We continue our Best of 2014 list today with books for the younger set. From picture books to graphic novels, take a look at our staff selected titles.
Picture Books and Easy Readers
Breaking News: Bear Alert | David Biedrzycki
In this story (told in the form of a television broadcast with up to the minute updates along the bottom of each page), bears emerge from hibernation demanding to be fed.
This picture book is a comical on-the-scene news story of two bears creating chaos by simply going to town. -Andrea
Little Green Peas: a Big Book of Colors | Keith Baker
Little green peas make their way into collections of objects of many different colors, from blue boats, seas, and flags, to orange balloons, umbrellas, and fizzy drinks.
Lovely art — each page could hang on your wall. Expressive, cute, and (because a kid’s book needs to teach) teaches colors. Concept books aren’t usually this good. The total package. -Alan
The Midnight Library | Kazuno Kohara
The Little Librarian works at night with her three assistant owls. It all happens at this library: patrons who don’t want to leave at closing and noisy patrons who are shown to the quiet room.
The little librarian knows how to turn a little trouble into a lot of fun. -Leslie
Mr. Tiger Goes Wild | Peter Brown
Everyone was perfectly fine with the way things were. Everyone but Mr. Tiger. Mr. Tiger was bored with always being so proper. He wanted to loosen up. He wanted to have fun. He wanted to be…wild.
I loved how Mr. Tiger felt free to be himself. -Leslie
My New Friend is So Fun! | Mo Willems
Mo Willems’ popular Elephant &Piggie characters each make new friends.
As a parent of very young kids trying to navigate the friendship frontier, this book was a conversation-starter, one that teaches a lesson about possessiveness with Willems’ trademark style and humor boosting the story beautifully. -Alan
My Teacher is a Monster (No, I Am Not) | Peter Brown
Bobby thinks his teacher, Ms. Kirby, is horrible, but when he sees her outside of school and they spend a day in the park together, he discovers she might not be so bad after all.
I love everything by Peter “Children Make Terrible Pets” Brown. His books are funny, smart, and creepy (in the right way). This one gets across that teachers are people too. -Alan
Stella’s Starliner | Rosemary Wells
Stella and her Mama and Daddy have everything they need in their silver home called the Starliner until some mean weasels say mean things about the Starliner. Stella finds new friends in a new place and is once again proud of her silver home.
“Later all the boys and girls cheered when the bookmobile came. Stella and her mama read their books until they knew them by heart. Stella didn’t have a worry in the world.” -Leslie
Children’s Fiction and Graphic Novels
The Boundless | Kenneth Oppel
Will and his father join 6000 other passengers on the first journey of Boundless, an extravagantly outfitted train pulling nearly 1000 cars.
Boundless is a fun, action packed adventure with lovable and despicable characters. The setting is original and the scenes are brilliantly drawn. I could almost feel myself jumping between cars with Will and Maren. -Elizabeth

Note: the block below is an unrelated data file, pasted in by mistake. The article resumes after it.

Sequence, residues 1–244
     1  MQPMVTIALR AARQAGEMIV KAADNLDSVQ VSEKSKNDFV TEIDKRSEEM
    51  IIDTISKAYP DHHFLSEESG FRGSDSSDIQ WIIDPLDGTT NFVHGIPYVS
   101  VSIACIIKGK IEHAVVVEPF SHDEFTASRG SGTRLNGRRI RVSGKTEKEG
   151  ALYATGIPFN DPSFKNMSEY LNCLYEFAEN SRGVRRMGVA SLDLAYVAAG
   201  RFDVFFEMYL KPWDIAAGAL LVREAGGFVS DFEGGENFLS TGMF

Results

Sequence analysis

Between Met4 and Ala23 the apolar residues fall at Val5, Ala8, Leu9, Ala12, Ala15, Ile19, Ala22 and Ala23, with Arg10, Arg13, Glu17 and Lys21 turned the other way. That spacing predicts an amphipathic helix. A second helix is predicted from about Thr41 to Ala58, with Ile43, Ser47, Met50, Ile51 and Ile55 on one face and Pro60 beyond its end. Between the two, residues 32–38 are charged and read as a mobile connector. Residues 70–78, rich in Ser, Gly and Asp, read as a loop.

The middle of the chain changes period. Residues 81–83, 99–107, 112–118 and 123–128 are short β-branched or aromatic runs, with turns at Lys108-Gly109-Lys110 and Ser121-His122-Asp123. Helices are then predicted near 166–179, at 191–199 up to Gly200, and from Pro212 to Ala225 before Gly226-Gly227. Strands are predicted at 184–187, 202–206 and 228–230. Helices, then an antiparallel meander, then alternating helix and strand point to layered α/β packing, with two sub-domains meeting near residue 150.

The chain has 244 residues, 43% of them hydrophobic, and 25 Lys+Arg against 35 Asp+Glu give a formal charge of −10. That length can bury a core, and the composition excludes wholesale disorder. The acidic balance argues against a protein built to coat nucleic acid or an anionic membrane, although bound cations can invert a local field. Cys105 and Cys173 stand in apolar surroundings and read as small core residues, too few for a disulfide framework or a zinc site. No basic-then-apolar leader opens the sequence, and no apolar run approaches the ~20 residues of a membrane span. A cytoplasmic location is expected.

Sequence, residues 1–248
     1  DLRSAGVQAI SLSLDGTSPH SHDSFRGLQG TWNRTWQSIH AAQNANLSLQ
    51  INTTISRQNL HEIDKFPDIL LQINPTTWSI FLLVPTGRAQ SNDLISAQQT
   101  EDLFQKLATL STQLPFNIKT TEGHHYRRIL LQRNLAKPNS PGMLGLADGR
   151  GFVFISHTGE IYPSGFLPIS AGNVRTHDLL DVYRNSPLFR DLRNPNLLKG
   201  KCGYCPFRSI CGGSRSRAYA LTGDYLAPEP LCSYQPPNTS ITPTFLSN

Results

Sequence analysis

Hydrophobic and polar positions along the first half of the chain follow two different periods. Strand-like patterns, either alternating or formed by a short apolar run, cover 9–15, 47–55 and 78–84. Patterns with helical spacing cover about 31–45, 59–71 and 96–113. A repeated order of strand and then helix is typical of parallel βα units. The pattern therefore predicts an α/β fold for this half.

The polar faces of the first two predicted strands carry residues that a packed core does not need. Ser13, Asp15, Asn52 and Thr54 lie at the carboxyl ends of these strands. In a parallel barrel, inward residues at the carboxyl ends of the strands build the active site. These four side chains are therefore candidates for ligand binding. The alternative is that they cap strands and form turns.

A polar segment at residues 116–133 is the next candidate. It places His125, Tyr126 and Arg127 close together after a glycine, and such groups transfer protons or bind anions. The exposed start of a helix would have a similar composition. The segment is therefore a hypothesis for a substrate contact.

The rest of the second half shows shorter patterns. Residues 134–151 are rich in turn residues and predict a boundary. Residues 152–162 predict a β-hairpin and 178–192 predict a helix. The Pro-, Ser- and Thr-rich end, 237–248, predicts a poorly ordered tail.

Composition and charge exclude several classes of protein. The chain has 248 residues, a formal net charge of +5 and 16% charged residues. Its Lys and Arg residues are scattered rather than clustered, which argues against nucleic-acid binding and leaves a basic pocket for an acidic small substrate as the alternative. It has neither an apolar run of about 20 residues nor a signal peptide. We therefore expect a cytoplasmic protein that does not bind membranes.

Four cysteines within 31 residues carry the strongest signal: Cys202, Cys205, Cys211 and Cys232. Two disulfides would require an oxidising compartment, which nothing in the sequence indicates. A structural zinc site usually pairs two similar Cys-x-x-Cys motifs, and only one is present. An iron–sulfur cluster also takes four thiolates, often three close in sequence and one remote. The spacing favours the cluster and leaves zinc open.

Sisters | Raina Telgemeier
Fourteen year old Raina is on a summer road trip from California to Colorado with her mother, 9 year old sister, and 6 year old brother. Sibling rivalry, teasing, taunting, and sweltering heat conspire to make for a bumpy ride.
Sisters, as in Smile (2010), shows us a portrait of a real family, at times laughing and playful, struggling and arguing, slipping and falling, but all along caring for each other and making the best of what they have together. -Elizabeth
In addition to step-by-step instructions for teaching tricks such as jumping through hoops and opening doors, this book has simple projects for children to do for and with their dog.
The illustrations are colorful and the instructions are broken down so that they are easy to follow. -Theresa
Attack! Boss! Cheat Code! A Gamer’s Alphabet | Chris Barton
In this ironic, vividly illustrated guide the most common gaming terminology is easy to understand and fun to explore.
The perfect gift for everyone on your list who loves picture books and video games. It’s a subtle way to introduce coding lingo into your child’s vocabulary. Start them young! -Carol
There’s a treasure-trove of science experiments hiding in your refrigerator, pantry, and junk drawer! This book invites you to explore science with simple projects and ingredients.
The illustrations make the instructions easy to follow, the science behind the project is explained, and they truly use (mostly) things commonly found in a household. -Theresa
Red madness: How a Medical Mystery Changed What We Eat | Gail Jarrow
The early years of the 20th Century saw a mysterious deadly illness spreading in the American South. Pellagra first showed itself as a rash, then diarrhea, followed by dementia; death was the final result as there was no known cure.
This is a true-life mystery at its best with lots of false trails leading to dead ends but with the killer thwarted in the end through the determination of Dr. Joseph Goldberger, one of our country’s unsung heroes. -Theresa
Sniffer Dogs | Nancy Castaldo
A dog’s sense of smell is so keen, it’s the equivalent of a human being able to read an eye chart 5 miles away! A fascinating study of the multiple ways humans are taking advantage of dogs’ tremendous nose.
It’s so fascinating how dogs’ noses are being put to good use in so many ways. -Theresa
Great gift book for a budding scientist. Colorful illustrations of the human body reveal the truly amazing processes going on inside us. Open it to any page and find something interesting.
A color enlargement of a white blood cell devouring a group of tuberculosis bacteria grabbed me immediately when I opened this book. -Theresa